24. Aktürk D, Gün S, Kumuk T. Multiple correspondence analysis technique used in analyzing the categorical data in social sciences. Res J Appl Sci. 2007;7(4):585–8. https://doi.org/10.3923/jas.2007.585.588.

    Article  Google Scholar 

  25. Avolio M, Montagnoli S, Marino M, Basso D, Furia G, Ricciardi W, et al. Factors influencing quality of life for disabled and nondisabled elderly population: the results of a multiple correspondence analysis. Curr Gerontol Geriatr Res 2013. 2013.

  26. Bayram N. An application about the problems of women in the labour force with multiple correspondence analysis; 2003.

    Google Scholar 

  27. Blasius J, Thiessen V. The use of neutral responses in survey questions: an application of multiple correspondence analysis. J Off Stat. 2001;17(3):351–68.

    Google Scholar 

  28. Bonnefoy-Mazure A, Sagawa Y Jr, Lascombes P, De Coulon G, Armand S. Identification of gait patterns in individuals with cerebral palsy using multiple correspondence analysis. Res Dev Disabil. 2013;34(9):2684–93. https://doi.org/10.1016/j.ridd.2013.05.002.

    CAS  Article  PubMed  Google Scholar 

  29. Guinot C, Latreille J, Malvy D, Preziosi P, Galan P, Hercberg S, et al. Use of multiple correspondence analysis and cluster analysis to study dietary behaviour: food consumption questionnaire in the SU. VI. MAX. Cohort. Eur J Epidemiol. 2001;17(6):505–16. https://doi.org/10.1023/A:1014586129113.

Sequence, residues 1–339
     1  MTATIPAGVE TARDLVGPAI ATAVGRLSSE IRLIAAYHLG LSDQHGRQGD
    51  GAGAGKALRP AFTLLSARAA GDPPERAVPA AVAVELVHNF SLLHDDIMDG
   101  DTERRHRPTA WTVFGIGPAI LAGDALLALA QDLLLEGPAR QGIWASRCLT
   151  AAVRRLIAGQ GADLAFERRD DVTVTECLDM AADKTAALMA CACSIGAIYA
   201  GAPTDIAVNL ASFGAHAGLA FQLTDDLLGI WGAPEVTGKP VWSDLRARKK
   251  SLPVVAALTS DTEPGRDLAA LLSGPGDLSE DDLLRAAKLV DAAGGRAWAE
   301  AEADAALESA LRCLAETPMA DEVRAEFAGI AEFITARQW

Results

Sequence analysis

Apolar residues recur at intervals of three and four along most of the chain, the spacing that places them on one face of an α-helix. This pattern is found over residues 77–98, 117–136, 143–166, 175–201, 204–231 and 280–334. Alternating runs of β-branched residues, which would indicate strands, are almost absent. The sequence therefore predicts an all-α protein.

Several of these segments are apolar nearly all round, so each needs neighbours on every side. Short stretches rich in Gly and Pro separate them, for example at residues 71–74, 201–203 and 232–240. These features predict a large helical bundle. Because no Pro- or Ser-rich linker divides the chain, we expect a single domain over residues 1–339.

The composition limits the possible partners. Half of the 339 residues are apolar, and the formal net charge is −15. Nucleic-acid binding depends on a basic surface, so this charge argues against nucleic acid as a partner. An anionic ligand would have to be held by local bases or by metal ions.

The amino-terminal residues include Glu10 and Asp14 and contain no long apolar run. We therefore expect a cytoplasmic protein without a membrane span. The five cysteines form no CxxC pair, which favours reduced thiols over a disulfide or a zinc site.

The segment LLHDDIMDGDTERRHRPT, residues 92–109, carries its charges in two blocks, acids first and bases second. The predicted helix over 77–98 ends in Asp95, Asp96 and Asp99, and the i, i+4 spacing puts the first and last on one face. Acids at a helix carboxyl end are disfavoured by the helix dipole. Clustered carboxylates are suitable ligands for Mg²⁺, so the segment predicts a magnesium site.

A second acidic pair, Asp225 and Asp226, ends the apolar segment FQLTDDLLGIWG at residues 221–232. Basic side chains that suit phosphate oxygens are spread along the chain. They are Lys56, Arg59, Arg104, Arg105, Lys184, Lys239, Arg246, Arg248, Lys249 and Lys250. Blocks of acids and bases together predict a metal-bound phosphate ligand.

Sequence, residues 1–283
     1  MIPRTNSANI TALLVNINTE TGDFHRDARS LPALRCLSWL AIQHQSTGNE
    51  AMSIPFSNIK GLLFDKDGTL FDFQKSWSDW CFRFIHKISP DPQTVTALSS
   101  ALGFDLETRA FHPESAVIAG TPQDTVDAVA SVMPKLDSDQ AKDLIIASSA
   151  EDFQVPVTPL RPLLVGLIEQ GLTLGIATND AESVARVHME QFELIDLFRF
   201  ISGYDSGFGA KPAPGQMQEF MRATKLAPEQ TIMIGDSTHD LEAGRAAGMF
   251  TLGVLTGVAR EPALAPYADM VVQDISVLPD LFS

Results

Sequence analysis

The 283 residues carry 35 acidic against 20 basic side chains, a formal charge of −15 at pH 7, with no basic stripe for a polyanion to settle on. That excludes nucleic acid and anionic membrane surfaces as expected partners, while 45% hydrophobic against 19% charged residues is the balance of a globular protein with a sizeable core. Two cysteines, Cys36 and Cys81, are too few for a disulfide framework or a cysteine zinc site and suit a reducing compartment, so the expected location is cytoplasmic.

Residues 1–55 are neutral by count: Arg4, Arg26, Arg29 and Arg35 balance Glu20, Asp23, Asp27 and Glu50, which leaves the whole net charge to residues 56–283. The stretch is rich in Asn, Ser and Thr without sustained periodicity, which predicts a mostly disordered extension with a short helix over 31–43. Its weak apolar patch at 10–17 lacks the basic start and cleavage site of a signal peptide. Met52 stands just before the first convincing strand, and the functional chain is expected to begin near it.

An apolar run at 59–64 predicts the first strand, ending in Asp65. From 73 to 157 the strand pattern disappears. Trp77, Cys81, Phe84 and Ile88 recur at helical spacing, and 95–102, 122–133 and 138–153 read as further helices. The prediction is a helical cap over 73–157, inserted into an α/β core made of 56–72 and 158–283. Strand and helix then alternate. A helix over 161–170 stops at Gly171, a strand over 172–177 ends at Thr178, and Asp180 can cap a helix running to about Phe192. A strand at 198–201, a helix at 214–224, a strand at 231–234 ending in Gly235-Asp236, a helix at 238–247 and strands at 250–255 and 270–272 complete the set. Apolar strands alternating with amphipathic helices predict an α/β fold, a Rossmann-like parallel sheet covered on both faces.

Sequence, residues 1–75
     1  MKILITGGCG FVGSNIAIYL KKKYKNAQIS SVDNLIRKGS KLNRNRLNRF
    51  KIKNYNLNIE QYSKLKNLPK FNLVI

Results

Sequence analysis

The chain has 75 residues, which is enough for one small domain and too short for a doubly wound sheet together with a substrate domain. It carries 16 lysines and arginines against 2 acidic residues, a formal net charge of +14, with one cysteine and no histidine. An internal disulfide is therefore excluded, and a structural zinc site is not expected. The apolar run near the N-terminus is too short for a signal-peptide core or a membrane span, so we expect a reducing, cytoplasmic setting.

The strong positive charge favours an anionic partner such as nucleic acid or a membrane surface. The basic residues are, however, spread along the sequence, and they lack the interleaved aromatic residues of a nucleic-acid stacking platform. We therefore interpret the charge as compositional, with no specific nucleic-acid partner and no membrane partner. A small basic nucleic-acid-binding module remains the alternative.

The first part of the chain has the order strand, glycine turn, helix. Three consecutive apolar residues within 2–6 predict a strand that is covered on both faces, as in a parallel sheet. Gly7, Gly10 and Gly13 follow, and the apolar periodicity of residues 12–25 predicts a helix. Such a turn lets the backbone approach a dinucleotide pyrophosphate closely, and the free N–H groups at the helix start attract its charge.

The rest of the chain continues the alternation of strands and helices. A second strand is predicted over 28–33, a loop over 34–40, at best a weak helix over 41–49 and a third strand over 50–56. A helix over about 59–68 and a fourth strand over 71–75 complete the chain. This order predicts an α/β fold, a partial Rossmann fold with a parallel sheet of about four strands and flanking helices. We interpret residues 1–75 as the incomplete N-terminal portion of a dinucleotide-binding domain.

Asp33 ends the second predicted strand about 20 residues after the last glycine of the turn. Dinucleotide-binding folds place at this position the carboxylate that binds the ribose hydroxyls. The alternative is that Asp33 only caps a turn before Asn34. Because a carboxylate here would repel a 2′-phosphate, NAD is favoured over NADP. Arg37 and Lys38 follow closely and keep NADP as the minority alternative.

CAS  Article  PubMed  Google Scholar 

  30. Lana RM, Riback TI, Lima TF, da Silva-Nunes M, Cruz OG, Oliveira FG, et al. Socio-economic and demographic characterization of an endemic malaria region in Brazil by multiple correspondence analysis. Malar J 2017, 16(1): 397, ' https://doi.org/10.1186/s12936-017-2045-z.

    Article  Google Scholar 

  31. Panagiotakos DB, Pitsavos C. Interpretation of epidemiological data using multiple correspondence analysis and log-linear models. Data Sci J. 2004;2(1):75–86.

    Article  Google Scholar 

  32. Rennie T, Roberts W. Data mining of tuberculosis patient data using multiple correspondence analysis. Epidemiol Infect. 2009;137(12):1699–704. https://doi.org/10.1017/S0950268809002787.

    CAS  Article  PubMed  Google Scholar 

  33. Scornet E, Biau G, Vert JP. Consistency of random forests. Ann Stat. 2015;43(4):1716–41. https://doi.org/10.1214/15-AOS1321.

    Article  Google Scholar